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We need to talk

Hugh Pearman

The latest editorial panel meeting took place at MawsonKerr's office in Newcastle with a number of local early-career guests. We listen to what works and doesn't - contribute your thoughts too

How splendid it was to jump on an LNER express at King’s Cross and – with a lot of wind-generated power that day humming down the catenaries to reduce our carbon production – speed to a meeting in Newcastle on Tyne.  No conventional meeting: this was hosted by that fine practice Mawson­Kerr, among whose many accolades was the RIBAJ MacEwen Award in 2019. Its studio is in Charlotte Square, a modest survival of the old city in Grainger Town, just inside the original city walls, a short walk from John Dobson’s magnificent central station.

There the RIBAJ editorial panel assembled.  We meet periodically to discuss what’s going on at the Journal and our various associated publications and activities, online, in print and live. We receive views and suggestions as you’d expect, getting feedback on what we do. What works well, what could be improved or scrapped, what new avenues we might explore. We ask questions too. Our chair Mark Kemp, from PLACE architects in Launceston, Cornwall, is adept at taking the temperature of the profession – how business is going with the others in the room, what areas of work are expanding/contracting, how to smooth pathways into the profession.

Our chair Mark Kemp is adept at taking the temperature of the profession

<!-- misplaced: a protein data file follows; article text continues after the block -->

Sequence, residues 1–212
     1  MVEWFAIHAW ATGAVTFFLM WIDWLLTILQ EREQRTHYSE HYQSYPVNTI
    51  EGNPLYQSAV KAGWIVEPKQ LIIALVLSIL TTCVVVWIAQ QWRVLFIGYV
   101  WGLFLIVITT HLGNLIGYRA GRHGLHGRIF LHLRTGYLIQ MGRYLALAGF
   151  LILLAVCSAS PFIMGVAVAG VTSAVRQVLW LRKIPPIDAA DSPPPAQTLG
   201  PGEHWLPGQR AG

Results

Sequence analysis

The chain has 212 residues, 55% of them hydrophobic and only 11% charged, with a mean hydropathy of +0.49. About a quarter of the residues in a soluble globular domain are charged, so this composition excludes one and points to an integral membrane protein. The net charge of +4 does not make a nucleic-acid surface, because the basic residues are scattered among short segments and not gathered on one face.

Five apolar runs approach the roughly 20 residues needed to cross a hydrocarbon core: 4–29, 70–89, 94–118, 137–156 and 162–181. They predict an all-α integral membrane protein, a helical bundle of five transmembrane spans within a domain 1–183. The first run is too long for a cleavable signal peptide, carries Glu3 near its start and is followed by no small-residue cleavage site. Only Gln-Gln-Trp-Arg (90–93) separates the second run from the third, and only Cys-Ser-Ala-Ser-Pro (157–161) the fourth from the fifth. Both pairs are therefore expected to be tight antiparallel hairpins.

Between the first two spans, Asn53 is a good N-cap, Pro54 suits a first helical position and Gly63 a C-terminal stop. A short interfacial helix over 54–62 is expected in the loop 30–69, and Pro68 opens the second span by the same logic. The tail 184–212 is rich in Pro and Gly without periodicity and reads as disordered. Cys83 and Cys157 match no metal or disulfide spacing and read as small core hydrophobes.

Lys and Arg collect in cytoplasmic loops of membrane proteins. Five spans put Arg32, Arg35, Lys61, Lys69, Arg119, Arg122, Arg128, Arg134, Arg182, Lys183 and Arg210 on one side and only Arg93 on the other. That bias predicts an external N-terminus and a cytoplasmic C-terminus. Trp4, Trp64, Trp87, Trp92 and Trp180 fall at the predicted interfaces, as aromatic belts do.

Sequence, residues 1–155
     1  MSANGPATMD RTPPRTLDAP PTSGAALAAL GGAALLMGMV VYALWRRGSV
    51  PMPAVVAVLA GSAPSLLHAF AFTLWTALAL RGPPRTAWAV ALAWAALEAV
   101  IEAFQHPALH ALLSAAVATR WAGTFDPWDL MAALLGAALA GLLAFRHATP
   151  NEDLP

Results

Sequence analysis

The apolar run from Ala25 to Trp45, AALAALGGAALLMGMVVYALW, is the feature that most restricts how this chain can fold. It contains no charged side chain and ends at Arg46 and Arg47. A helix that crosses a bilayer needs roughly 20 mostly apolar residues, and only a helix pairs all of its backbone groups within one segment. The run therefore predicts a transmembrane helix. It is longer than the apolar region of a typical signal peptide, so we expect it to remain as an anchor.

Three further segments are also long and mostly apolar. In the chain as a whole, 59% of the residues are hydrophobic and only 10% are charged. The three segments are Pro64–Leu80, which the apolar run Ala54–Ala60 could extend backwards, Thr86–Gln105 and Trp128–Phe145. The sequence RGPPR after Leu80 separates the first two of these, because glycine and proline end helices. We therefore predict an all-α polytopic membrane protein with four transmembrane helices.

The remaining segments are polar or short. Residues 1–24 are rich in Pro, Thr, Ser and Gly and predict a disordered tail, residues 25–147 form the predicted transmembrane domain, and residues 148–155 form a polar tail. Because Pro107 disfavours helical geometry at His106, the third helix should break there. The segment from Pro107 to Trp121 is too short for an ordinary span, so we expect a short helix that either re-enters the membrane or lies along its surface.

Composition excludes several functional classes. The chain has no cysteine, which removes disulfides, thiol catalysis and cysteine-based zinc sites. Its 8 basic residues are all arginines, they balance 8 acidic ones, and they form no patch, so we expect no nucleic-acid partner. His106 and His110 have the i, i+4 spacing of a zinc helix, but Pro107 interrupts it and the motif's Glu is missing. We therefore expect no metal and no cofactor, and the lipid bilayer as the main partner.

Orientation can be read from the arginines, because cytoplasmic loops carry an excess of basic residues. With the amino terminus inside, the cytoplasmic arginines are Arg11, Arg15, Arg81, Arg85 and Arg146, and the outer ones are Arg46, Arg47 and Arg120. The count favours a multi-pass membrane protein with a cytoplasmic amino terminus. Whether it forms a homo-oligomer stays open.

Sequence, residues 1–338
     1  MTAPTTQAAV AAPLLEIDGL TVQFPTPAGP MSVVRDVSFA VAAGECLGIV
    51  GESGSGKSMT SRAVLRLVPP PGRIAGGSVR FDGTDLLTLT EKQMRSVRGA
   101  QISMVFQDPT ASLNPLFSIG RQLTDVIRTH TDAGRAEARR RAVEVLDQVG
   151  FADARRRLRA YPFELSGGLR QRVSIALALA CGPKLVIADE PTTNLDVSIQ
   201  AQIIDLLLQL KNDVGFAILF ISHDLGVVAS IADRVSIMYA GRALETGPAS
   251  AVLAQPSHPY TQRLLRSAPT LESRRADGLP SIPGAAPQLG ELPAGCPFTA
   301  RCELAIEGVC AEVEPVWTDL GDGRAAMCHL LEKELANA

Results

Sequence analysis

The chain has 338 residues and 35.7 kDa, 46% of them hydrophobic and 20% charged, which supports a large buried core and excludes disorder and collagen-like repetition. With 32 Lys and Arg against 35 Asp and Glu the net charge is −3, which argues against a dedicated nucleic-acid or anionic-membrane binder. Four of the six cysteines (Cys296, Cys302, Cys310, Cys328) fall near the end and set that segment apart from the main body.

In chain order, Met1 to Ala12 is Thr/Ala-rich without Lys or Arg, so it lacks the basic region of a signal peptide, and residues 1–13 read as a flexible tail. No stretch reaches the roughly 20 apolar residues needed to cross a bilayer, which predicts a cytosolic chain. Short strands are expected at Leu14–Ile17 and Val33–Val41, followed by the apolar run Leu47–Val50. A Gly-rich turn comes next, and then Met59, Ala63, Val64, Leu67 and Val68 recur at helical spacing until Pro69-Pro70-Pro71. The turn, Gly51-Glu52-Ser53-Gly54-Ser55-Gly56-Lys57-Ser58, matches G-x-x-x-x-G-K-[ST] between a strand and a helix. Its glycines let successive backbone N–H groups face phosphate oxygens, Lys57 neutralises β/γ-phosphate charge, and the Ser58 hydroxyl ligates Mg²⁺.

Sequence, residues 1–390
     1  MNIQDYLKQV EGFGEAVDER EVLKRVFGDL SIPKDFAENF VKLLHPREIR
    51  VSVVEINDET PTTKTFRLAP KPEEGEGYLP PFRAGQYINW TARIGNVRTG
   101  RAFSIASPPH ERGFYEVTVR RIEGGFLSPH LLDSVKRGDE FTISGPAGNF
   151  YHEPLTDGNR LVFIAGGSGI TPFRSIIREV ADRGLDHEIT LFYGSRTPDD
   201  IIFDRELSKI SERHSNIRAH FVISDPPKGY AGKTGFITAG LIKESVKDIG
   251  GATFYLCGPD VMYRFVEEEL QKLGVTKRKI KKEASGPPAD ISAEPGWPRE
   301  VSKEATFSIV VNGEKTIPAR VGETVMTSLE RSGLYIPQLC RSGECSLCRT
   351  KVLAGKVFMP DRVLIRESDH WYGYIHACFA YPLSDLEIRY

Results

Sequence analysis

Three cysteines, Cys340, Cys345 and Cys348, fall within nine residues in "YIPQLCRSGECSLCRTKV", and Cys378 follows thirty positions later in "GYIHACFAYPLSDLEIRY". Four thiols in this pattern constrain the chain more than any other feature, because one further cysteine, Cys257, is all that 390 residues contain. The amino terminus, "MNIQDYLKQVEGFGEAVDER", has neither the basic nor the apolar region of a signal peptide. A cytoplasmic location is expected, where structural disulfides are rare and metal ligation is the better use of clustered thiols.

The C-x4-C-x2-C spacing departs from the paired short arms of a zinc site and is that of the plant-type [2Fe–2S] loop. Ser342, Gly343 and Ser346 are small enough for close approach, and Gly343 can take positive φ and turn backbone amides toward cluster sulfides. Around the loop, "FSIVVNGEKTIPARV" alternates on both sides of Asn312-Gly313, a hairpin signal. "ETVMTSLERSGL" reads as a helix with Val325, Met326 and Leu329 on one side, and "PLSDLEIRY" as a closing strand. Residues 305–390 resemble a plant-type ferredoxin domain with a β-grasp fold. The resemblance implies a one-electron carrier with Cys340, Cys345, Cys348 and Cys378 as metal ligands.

It behoves us to know what the concerns of our members are. For this reason our editorial panel contains a number of practitioners from around the country as well as us editors/publishers and representatives from the Institute.  Apart from being useful and engaged, they are an invigorating bunch to work with so I’m going to name them. After Mark with his Westcountry and national experience, step forward Úna Breathnach-Hifeárnain (one of our Rising Stars) of McGregor Coxall in Bristol: Grace Choi of Grace Choi Architecture,  Newcastle; Yoshita Marriott of rg+p in Leicester; Chithra Marsh of Buttress in Manchester; and Natalia Maximova of Sheppard Robson’s Manchester studio.

For our Newcastle meeting we were joined not only by Will Mawson and Dan Kerr of MawsonKerr but also by three of early-career guests from the region, namely Shannon Walker of GSSArchitecture, Hayley Stafford-Jones from Ryder and Jennie Webb of Medical Architecture, along with Amanda Kahn, director of RIBA North East.  What, we asked, were the issues facing those entering the profession?  It’s not giving away any secrets to say that the work/life balance was to the fore but so too was the question of which way to progress in architecture – as a general practitioner or as a specialist?

Then there were the matters of technical competence – fire protection in particular – seriously addressing climate change, and social mobility: the burgeoning apprenticeships route into architecture is strongly supported.  It wasn’t just us journos listening:  panel member Adrian Dobson, the RIBA’s executive director of professional services, was pitching in too.

It was an invaluable real-time encounter. In February we also ran a broader online survey of members canvassing your opinions of what we do.  We really want you to email us with your views, no matter how trenchant: do so at It’s good to talk.